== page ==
So, Chuck, I'm sorry. I might have confused everyone. There's two rebar projects. The one at Roanoke, which will be starting here in the first quarter, that was $28 million. And then the one at Columbus City in total is $75 million. So it's a total of about $100 and some million for both rebar projects. And so there's some carryover into next year for that capital. So the total for Columbus City is $75 million.

Charles Bradford -- Bradford Research -- Analyst

But given some of your competitors adding new rebar capacity at substantial higher capital costs than what you seem to have, what kind of operating cost advantage do you expect?

Mark Millett -- President and Chief Executive Officer

Significant.

Charles Bradford -- Bradford Research -- Analyst

Because both Nucore and Commercial Metals --

Mark Millett -- President and Chief Executive Officer

Again, I think you hit the nail on the head, Chuck, and that's why organic opportunities for us are so effective. In one half we recognize not only is the installation or the overhead cost low for the installed tons, but they had added utilization. You had 250,000 tons to a mill that's doing 1.3 last year, the overhead across all tons comes down dramatically. So the return is incredibly attractive.

Theresa Wagler -- Executive Vice President and Chief Financial Officer

Yeah, for the structural mill, there's the 500,000 tons of additional full capacity with the three initiatives that Mark mentioned earlier. One is sending the blues to the engineer bar division. The second is the unequaled angle, and the third confluent, is the most significant in volume, is this rebar project, which should come online at the end of this year. If we increase capacity at the structural division by 100,000 that's about $20 to $25 per ton benefit in cost compression across all their volume. So it is really meaningful to have these initiatives in place.

Charles Bradford -- Bradford Research -- Analyst

Do you have a figure for what your total shipments to what AISI calls military and other ordinance might have amounted to last year?

Theresa Wagler -- Executive Vice President and Chief Financial Officer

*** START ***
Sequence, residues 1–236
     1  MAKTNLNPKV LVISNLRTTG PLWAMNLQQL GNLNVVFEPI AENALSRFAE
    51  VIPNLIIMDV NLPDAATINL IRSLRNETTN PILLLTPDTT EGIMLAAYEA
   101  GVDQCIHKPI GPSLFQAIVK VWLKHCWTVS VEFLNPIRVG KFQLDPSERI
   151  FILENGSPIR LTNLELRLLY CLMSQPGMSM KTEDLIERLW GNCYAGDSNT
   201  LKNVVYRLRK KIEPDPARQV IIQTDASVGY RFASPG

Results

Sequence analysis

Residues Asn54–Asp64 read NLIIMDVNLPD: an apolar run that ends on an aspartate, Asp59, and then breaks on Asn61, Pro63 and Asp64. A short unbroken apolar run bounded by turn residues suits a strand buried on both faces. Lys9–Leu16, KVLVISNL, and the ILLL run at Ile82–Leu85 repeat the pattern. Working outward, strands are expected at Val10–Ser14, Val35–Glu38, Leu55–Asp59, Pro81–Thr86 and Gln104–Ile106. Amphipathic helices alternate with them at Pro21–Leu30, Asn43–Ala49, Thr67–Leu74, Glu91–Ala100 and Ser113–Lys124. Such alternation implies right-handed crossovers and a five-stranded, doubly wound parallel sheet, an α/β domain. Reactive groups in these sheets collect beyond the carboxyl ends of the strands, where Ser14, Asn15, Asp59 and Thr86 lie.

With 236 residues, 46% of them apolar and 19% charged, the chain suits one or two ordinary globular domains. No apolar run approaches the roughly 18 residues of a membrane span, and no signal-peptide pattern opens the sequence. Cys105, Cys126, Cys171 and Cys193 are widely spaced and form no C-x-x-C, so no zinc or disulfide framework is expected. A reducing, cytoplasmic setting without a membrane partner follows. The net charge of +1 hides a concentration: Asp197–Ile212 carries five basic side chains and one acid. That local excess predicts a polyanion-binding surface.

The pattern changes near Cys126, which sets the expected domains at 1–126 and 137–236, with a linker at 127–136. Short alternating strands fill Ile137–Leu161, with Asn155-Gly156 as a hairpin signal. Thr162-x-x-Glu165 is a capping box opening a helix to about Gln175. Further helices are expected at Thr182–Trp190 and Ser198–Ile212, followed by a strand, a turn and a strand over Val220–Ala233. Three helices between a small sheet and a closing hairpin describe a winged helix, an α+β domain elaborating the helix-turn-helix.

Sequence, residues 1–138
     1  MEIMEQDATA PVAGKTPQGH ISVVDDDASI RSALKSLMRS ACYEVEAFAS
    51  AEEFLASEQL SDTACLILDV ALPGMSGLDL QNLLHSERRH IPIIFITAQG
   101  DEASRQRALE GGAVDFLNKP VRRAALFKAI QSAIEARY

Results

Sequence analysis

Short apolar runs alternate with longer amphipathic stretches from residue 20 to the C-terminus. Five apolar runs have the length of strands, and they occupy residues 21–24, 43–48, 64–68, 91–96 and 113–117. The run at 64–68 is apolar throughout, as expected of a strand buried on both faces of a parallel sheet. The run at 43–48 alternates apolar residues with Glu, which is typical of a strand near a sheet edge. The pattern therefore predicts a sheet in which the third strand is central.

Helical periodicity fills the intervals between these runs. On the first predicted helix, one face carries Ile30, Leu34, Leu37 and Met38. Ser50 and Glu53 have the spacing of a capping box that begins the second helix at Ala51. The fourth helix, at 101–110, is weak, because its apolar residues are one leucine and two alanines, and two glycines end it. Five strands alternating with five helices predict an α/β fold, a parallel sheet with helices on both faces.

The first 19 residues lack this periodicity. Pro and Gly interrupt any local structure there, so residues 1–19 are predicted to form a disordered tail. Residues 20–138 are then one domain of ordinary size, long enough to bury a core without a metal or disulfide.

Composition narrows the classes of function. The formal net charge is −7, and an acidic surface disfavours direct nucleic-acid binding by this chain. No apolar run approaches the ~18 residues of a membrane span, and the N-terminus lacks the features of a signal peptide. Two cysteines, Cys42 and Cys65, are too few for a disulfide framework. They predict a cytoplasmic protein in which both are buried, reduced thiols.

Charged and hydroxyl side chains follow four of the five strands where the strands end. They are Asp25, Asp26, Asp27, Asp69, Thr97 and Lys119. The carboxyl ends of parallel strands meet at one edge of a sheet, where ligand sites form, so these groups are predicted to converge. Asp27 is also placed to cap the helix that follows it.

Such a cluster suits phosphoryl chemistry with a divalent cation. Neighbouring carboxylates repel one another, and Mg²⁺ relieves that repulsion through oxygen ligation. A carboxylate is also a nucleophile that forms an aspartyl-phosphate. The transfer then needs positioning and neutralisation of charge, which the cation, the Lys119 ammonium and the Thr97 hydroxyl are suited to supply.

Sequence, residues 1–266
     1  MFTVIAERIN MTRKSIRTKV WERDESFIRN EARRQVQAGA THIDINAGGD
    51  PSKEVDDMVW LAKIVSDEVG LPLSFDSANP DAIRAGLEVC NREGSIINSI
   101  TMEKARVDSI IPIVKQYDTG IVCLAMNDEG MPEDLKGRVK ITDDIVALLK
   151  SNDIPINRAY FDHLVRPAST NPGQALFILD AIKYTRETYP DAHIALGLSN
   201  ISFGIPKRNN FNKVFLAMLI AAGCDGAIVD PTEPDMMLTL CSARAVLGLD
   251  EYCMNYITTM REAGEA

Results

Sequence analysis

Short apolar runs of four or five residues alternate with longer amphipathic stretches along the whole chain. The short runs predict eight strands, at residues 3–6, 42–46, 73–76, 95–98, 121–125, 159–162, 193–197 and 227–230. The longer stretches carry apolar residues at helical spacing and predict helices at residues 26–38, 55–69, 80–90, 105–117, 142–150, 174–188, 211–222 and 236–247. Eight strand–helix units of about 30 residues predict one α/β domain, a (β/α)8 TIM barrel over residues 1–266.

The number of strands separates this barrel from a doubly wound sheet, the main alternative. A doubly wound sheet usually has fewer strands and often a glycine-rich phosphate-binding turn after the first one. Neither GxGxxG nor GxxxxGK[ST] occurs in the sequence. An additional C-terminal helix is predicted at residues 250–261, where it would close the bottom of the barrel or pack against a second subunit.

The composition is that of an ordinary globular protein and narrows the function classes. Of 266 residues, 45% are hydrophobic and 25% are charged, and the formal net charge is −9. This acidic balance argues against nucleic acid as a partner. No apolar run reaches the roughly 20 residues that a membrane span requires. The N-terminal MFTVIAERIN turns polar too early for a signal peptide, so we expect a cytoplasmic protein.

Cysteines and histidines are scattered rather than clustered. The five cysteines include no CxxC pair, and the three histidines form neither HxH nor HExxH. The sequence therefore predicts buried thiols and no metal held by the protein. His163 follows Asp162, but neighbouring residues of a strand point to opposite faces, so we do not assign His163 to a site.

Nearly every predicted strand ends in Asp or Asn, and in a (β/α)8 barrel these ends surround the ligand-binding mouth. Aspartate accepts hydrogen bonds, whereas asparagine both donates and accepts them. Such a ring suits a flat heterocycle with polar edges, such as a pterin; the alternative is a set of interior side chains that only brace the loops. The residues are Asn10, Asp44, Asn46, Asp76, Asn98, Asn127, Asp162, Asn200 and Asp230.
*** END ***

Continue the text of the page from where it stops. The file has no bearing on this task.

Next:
Chuck, I'm sorry. With what's in front of me, I would have no idea. We'd have no way of guessing.

Charles Bradford -- Bradford Research -- Analyst

I don't think they know either. On an area that may be a little bit more significant, your focus on the automotive, do you have any information on what the difference might be between the steel content of an electric vehicle made by someone like General Motors versus a more standard vehicle maybe in percentage terms or whatever measure you might have?

Mark Millett -- President and Chief Executive Officer

I'm looking around the room. We're all shaking our heads to be specific and not give you a number.

Chris Graham -- Senior Vice President of Steel Fabrication Operations

Mark, I would add that it depends on the type of automobile but also the types of steels. So while flat roll may decrease slightly, we may see an increase in SBG in those cars in the transmissions and the drive trains. As far as the flat roll steel, we do it despite some material changes. So that effect will be a smaller content of steel in most cases, but it does change because without the big engine in there, there's some structural members of the car that are added. So we're more interested what the net changes and the type of parts and where our steels can find happy homes in these cars' future. So while the content may shrink a little bit, we look at opportunities growing both within SBQ and flat roll to fulfill these new needs.

Charles Bradford -- Bradford Research -- Analyst

Thank you very much. Good luck.

Operator

Our next questions come from Sean Wondrack with Deutsche Bank. Please go ahead with your questions.

Sean Wondrack -- Deutsche Bank -- Analyst